Fast Five Quiz: Diabetic Nephropathy

A. Brent Alper, Jr, MD, MPH


April 24, 2020

In the appropriate setting, serum and urinary electrophoresis can be performed to help exclude multiple myeloma and to classify the proteinuria, which is primarily glomerular in diabetic nephropathy.

Blood tests, including calculation of GFR by various formulas, such as the MDRD formula, are useful for monitoring disease progression and assessing disease stage.

Renal biopsy is not routinely indicated in all cases of diabetic nephropathy, particularly when patients have a typical history and characteristic disease progression. However, it may be indicated if the diagnosis is in doubt, if other kidney disease is suggested, or in the presence of atypical features.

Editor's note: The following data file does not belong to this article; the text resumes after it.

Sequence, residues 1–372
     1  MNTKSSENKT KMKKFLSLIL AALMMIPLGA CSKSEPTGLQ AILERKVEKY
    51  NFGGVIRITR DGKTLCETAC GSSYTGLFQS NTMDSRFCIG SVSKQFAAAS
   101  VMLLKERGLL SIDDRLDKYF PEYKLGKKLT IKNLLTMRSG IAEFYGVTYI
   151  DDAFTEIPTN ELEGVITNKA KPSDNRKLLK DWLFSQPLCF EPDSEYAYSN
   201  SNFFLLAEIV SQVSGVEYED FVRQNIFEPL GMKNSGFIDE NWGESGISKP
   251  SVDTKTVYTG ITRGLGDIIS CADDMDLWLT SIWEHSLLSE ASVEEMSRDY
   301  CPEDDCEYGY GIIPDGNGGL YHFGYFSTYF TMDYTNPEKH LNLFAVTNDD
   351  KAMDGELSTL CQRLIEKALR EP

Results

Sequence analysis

A 24-hour urine measurement for urea, creatinine, and protein is extremely useful in quantifying protein losses and estimating the GFR. Common urinalysis results from patients with established diabetic nephropathy show proteinuria varying from 150 mg/dL to > 300 mg/dL, glucosuria, and occasional hyaline casts.

Learn more about the workup for diabetic nephropathy.


Comments on Medscape are moderated and should be professional in tone and on topic. You must declare any conflicts of interest related to your comments and responses. Please see our Commenting Guide for further information. We reserve the right to remove posts at our sole discretion.